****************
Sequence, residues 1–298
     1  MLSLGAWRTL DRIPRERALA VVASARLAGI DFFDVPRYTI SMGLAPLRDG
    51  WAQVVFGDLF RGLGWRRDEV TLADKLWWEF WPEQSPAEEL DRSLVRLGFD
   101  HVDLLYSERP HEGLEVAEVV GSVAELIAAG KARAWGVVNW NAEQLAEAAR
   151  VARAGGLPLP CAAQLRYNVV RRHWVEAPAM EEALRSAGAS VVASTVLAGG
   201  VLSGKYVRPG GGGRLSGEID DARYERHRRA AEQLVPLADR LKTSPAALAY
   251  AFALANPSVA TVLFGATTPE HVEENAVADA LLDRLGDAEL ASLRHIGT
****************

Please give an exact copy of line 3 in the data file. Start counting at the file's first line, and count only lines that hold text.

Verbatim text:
    51  WAQVVFGDLF RGLGWRRDEV TLADKLWWEF WPEQSPAEEL DRSLVRLGFD